3. Check length of bracelet. It should be 1/2-inch longer than your usual preferred length of bracelet. Add or remove beads as needed to make it this length.
  4. To finish end: Onto bead stringing wire slide a crimp, a wire protector and the end link of length of chain. Slide wire back through crimp and flatten with One Step Crimper. Use crimping pliers to pick up a crimp cover and close over flattened crimp.
  5. Repeat on other end of bracelet adding clasp instead of length of chain.
Feb 052016

ff memory wire

Some might say that memory wire use is the gateway drug into full on jewelry making addiction. I say: bring it!

Memory wire is one of those cool findings that makes everything SO much easier, how could you not love it?

Yes, I like making complicated, intricate designs, but sometimes it’s nice just to put together a quick and easy memory wire bracelet… or two. 🙂

In this video I tell you a bit about memory wire and give a few tips on how best to use it. But don’t be limited to just making bracelets. Consider these Swoosh Dangle Earrings that I made with memory wire a while back, and then let your imagination run wild.

Here are a few products to get you thinking:

Enjoy the video and happy creating!

You can watch the Friday Findings-Memory Wire video over at YouTube.

Feb 032016

sculpted leaves earrings

Today I bring to you the first in a new weekly series. From now on every Wednesday I’ll have another polymer clay tutorial for you, focusing primarily on using this wonderful medium in jewelry.

Sure it’s fun to buy beads and use them to make beautiful things, but I hope to challenge you to make your creations even more personal and unique by making many of your own components.

This project begins with several basic sculpting techniques, so simple that you could get the kids involved! Instead of a razor blade you can give them a plastic scraper and use toothpicks in place of needle tools. 🙂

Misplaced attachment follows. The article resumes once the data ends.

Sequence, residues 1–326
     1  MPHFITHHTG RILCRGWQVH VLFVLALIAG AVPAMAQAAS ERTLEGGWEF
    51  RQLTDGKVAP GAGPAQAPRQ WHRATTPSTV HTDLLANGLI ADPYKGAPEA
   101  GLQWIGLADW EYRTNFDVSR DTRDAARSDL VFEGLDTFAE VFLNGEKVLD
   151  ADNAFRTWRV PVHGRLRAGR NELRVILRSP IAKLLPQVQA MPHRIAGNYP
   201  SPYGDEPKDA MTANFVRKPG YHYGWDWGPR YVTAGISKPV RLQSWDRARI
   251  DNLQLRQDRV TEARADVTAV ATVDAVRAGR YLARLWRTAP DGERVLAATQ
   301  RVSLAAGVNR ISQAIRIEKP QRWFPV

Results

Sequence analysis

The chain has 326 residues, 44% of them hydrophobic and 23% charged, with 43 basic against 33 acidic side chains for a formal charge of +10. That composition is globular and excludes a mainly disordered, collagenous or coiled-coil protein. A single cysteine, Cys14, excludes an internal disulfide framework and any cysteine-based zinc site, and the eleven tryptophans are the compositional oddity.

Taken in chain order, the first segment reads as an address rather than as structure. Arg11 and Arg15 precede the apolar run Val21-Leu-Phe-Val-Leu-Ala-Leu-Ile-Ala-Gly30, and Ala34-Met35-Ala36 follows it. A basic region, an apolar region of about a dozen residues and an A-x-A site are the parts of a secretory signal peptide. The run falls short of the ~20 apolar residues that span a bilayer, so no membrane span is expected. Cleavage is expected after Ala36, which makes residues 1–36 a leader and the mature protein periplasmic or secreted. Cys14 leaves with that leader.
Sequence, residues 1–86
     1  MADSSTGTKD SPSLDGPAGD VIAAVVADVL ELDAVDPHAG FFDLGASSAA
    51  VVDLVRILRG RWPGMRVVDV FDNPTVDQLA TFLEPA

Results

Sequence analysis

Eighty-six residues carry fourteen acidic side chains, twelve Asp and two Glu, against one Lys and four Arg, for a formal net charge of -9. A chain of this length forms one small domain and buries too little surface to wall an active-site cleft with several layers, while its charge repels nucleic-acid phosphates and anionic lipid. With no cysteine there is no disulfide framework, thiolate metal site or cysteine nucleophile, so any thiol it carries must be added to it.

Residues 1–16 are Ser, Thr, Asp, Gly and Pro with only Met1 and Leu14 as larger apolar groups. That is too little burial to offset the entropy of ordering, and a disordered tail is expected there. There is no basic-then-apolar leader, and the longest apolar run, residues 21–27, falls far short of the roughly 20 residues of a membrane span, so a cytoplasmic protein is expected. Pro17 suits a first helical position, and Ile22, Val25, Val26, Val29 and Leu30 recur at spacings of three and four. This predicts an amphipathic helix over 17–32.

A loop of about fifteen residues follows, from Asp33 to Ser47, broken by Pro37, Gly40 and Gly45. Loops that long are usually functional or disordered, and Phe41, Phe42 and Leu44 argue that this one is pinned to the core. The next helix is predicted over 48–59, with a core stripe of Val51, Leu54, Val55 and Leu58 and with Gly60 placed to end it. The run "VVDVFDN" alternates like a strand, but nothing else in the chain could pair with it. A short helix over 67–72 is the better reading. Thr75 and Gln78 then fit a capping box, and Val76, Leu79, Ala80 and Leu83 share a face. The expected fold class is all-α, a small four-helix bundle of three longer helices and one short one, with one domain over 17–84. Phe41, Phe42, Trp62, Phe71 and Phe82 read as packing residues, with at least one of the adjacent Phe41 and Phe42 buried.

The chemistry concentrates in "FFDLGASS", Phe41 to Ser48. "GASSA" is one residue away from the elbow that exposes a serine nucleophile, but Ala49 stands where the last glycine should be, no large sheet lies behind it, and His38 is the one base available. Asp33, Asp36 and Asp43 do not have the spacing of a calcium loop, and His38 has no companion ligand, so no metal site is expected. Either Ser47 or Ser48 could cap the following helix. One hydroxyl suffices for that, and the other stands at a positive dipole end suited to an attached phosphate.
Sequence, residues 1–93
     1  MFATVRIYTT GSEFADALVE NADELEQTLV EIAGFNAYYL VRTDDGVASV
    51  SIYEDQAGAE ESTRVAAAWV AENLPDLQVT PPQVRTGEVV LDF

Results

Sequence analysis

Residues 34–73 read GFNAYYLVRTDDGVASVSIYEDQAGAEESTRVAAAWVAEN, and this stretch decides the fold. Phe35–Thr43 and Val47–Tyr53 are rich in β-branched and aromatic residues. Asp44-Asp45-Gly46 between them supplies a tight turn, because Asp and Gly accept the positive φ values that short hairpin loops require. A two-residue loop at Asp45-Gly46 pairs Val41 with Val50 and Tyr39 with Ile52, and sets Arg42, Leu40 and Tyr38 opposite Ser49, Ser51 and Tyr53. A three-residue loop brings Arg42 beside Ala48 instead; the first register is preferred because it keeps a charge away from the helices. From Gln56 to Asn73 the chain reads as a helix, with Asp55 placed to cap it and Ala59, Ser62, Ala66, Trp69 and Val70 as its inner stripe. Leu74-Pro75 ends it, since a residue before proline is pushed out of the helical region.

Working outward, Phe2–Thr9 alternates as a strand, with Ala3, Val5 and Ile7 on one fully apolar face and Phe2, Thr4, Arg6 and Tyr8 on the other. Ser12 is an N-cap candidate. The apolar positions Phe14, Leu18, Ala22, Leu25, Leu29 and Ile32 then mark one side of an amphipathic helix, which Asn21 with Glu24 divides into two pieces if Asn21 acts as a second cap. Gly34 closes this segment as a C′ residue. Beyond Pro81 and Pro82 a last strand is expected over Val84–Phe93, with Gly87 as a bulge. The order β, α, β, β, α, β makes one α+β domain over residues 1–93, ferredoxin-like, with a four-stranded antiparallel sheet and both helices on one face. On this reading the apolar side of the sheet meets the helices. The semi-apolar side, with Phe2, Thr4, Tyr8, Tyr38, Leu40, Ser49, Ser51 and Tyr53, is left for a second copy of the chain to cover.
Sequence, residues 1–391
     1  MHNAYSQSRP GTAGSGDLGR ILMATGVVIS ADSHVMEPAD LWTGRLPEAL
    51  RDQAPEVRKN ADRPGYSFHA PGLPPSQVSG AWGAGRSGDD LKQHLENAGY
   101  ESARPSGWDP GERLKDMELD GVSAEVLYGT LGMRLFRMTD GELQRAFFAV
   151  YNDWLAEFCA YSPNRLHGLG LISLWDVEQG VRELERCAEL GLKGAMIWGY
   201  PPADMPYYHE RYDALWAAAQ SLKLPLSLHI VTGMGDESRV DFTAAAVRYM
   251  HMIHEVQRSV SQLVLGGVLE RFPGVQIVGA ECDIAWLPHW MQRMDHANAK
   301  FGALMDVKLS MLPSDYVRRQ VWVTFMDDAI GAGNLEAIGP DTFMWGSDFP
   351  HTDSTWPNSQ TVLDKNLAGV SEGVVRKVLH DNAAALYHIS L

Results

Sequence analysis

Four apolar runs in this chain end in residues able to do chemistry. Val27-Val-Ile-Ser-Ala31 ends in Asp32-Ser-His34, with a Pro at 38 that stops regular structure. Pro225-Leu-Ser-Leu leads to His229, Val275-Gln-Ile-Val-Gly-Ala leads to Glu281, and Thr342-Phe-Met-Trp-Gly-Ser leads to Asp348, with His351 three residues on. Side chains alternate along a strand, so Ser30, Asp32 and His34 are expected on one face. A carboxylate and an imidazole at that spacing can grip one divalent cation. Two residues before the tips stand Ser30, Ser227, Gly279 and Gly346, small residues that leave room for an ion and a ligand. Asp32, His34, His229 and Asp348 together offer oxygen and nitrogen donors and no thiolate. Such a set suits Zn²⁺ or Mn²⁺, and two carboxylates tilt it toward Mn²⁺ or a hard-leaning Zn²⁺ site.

I hope you find this new series helpful. If you have ideas for videos, please let me know in the comments and I’ll see what I can do.

Enjoy the video and happy creating!

You can watch the Sculpted Leaves Earrings-Polymer Clay Video Tutorial over at YouTube.



See the video for complete instructions.

By the way, the Garden Fairy House tutorial was published in the January/February 2015 issue of Polymer Café magazine. You can find back issues here. Just scroll down to that date and you’ll see “Garden Fairy House – By Sandy Huntress” at the bottom of the list.

Feb 012016

frosted glass necklace & earrings

I’ve been waiting for just the perfect project to use these frosted cracked beads. I love the way the broken insides look like little druzies with all their sparkles.

This design, which focuses on the beads and is quite simple, is perfect. As a bonus I show how quickly you can throw together a matching pair of earrings.

By the way, I went looking for a link for you for the beads I used, which I got at Michael’s and thought were glass. The link I found (below in the supply list) looks exactly like them but says they are agates. Either way, they’re quite striking and pretty. 🙂

Enjoy the video and happy creating!

You can watch the Frosted Glass Necklace & Earrings Video Tutorial over at YouTube.




  • 2 head pins
  • 2 ear wires
  • 4 3 mm silver spacer beads
  • 2 bead caps
  • 2 8mm hematite saucer beads
  • 2 spacers
  • 2 12mm glass beads


  • scissors
  • glue
  • 1-Step Looper or round nose pliers & wire cutters
  • chain nose pliers


To make necklace:

  1. Make a knot 5 inches from one end of 1 mm cord. Slide on a spacer, a 12mm bead and a spacer. Make another knot right next to the second spacer.
  2. Make another knot in the cord 4 inches from first knot. Repeat pattern of adding a spacer, a 12mm bead and a spacer, finishing with another knot next to the second spacer.
  3. Continue this pattern, having 4 inches between beaded sections, until all beads & spacers are used.
  4. After adding final spacer do not make a knot. Instead knot the two cord ends together, leaving 4 inches between one of them and the nearest group of beads. Add a dab of glue to the knot and trim cords once glue is dry.